Commenced in January 2007
Frequency: Monthly
Edition: International
Paper Count: 4

Search results for: Nintendo

4 Competitive Advantages of a Firm without Fundamental Technology: A Case Study of Sony, Casio and Nintendo

Authors: Kiyohiro Yamazaki

Abstract:

A purpose of this study is to examine how a firm without fundamental technology is able to gain the competitive advantage. This paper examines three case studies, Sony in the flat display TV industry, Casio in the digital camera industry and Nintendo in the home game machine industry. This paper maintain the firms without fundamental technology construct two advantages, economic advantage and organizational advantage. An economic advantage involves the firm can select either high-tech or cheap devices out of several device makers, and change the alternatives cheaply and quickly. In addition, organizational advantage means that a firm without fundamental technology is not restricted by organizational inertia and cognitive restraints, and exercises the characteristic of strength.

Keywords: Firm without fundamental technology, economic advantage, organizational advantage, Sony, Casio, Nintendo.

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3 Idealization of Licca-chan and Barbie: Comparison of Two Dolls across the Pacific

Authors: Miho Tsukamoto

Abstract:

Since the initial creation of the Barbie doll in 1959, it became a symbol of US society. Likewise, the Licca-chan, a Japanese doll created in 1967, also became a Japanese symbolic doll of Japanese society. Prior to the introduction of Licca-chan, Barbie was already marketed in Japan but their sales were dismal. Licca-chan (an actual name: Kayama Licca) is a plastic doll with a variety of sizes ranging from 21.0 cm to 29.0 cm which many Japanese girls dream of having. For over 35 years, the manufacturer, Takara Co., Ltd. has sold over 48 million dolls and has produced doll houses, accessories, clothes, and Licca-chan video games for the Nintendo DS. Many First-generation Licca-chan consumers still are enamored with Licca-chan, and go to Licca-chan House, in an amusement park with their daughters. These people are called Licca-chan maniacs, as they enjoy touring the Licca-chan’s factory in Tohoku or purchase various Licca-chan accessories. After the successful launch of Licca-chan into the Japanese market, a mixed-like doll from the US and Japan, a doll, JeNny, was later sold in the same Japanese market by Takara Co., Ltd. in 1982. Comparison of these cultural iconic dolls, Barbie and Licca-chan, are analyzed in this paper. In fact, these dolls have concepts of girls’ dreams. By using concepts of mythology of Jean Baudrillard, these dolls can be represented idealized images of figures in the products for consumers, but at the same time, consumers can see products with different perspectives, which can cause controversy.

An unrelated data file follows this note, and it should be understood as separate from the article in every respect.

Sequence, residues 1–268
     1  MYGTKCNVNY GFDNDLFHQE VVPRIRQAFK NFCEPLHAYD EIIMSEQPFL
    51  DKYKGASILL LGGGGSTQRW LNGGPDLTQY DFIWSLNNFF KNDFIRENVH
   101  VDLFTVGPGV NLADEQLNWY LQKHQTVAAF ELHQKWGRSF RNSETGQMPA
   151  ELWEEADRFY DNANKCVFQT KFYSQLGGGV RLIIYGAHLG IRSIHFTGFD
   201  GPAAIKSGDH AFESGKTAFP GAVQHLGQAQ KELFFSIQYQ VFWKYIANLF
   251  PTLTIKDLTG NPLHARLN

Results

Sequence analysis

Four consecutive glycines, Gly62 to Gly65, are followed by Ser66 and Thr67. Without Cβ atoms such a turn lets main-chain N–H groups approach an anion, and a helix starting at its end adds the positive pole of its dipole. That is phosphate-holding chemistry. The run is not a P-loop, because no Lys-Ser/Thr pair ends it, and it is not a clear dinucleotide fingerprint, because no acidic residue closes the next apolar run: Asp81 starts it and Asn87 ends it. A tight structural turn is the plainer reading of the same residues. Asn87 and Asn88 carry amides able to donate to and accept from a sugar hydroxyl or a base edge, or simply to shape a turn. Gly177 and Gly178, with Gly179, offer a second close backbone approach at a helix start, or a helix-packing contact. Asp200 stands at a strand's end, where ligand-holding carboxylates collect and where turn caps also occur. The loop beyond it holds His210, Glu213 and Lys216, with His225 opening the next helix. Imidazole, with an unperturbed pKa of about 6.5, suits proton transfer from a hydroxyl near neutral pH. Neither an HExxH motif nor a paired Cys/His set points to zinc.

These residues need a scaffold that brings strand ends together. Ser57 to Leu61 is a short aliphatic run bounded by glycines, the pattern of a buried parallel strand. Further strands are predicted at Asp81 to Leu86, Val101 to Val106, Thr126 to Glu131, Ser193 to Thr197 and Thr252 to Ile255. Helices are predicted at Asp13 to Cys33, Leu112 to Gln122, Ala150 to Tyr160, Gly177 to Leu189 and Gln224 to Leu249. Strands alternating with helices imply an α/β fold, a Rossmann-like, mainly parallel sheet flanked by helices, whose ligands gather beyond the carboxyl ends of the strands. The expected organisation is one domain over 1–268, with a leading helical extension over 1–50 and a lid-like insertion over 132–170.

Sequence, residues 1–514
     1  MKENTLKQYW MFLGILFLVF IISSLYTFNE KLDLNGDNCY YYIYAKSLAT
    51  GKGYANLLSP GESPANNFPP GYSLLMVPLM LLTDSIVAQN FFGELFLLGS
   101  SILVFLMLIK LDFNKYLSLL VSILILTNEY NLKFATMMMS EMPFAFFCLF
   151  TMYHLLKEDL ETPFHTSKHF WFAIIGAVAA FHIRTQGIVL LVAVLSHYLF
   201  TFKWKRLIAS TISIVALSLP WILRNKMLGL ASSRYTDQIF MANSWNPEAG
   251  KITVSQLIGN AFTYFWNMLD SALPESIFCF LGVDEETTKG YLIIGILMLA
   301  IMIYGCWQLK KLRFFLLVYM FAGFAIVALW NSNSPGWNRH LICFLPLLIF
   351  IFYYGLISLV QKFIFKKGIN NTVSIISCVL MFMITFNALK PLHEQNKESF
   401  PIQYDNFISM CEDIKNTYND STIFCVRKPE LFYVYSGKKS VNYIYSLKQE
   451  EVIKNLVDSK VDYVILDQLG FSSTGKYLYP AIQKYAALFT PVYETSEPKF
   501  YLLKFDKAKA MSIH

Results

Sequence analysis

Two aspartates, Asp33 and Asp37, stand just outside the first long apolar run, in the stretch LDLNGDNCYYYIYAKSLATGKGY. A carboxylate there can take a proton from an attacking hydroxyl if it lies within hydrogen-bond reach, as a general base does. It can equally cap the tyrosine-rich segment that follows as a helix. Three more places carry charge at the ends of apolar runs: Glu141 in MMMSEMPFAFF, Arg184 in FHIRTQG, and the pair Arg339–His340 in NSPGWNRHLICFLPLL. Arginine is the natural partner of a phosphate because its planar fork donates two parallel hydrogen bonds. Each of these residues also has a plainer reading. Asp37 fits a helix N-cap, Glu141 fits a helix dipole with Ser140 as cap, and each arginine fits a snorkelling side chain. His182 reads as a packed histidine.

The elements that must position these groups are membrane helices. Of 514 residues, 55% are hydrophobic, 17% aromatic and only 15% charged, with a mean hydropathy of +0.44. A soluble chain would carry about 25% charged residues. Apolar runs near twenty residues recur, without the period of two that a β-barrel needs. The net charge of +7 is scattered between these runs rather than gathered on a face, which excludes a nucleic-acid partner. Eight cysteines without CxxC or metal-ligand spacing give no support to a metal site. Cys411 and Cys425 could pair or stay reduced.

Keywords: Barbie, Dolls, JeNny, Idealization, Licca-chan.

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2 Overcoming Barriers to Open Innovation at Apple, Nintendo and Nokia

Authors: Erik Pontiskoski, Kazuhiro Asakawa

Abstract:

This is a conceptual paper on the application of open innovation in three case examples of Apple, Nintendo, and Nokia. Utilizing key concepts from research into managerial and organizational cognition, we describe how each company overcame barriers to utilizing open innovation strategy in R&D and commercialization projects. We identify three levels of barriers: cognitive, behavioral, and institutional, and describe the companies balanced between internal and external resources to launch products that were instrumental in companies reinventing themselves in mature markets.

Keywords: managerial cognition, open innovation.

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1 Interactive PTZ Camera Control System Using Wii Remote and Infrared Sensor Bar

Authors: A. H. W. Goh, Y. S. Yong, C. H. Chan, S. J. Then, L. P. Chu, S. W. Chau, H. W. Hon

Abstract:

This paper proposes an alternative control mechanism for an interactive Pan/Tilt/Zoom (PTZ) camera control system. Instead of using a mouse or a joystick, the proposed mechanism utilizes a Nintendo Wii remote and infrared (IR) sensor bar. The Wii remote has buttons that allows the user to control the movement of a PTZ camera through Bluetooth connectivity. In addition, the Wii remote has a built-in motion sensor that allows the user to give control signals to the PTZ camera through pitch and roll movement. A stationary IR sensor bar, placed at some distance away opposite the Wii remote, enables the detection of yaw movement. In addition, the Wii remote-s built-in IR camera has the ability to detect its spatial position, and thus generates a control signal when the user moves the Wii remote. Some experiments are carried out and their performances are compared with an industry-standard PTZ joystick.

Keywords: Bluetooth, Infrared, Pan/Tilt/Zoom, PTZ Camera, Visual Surveillance, Wii Remote

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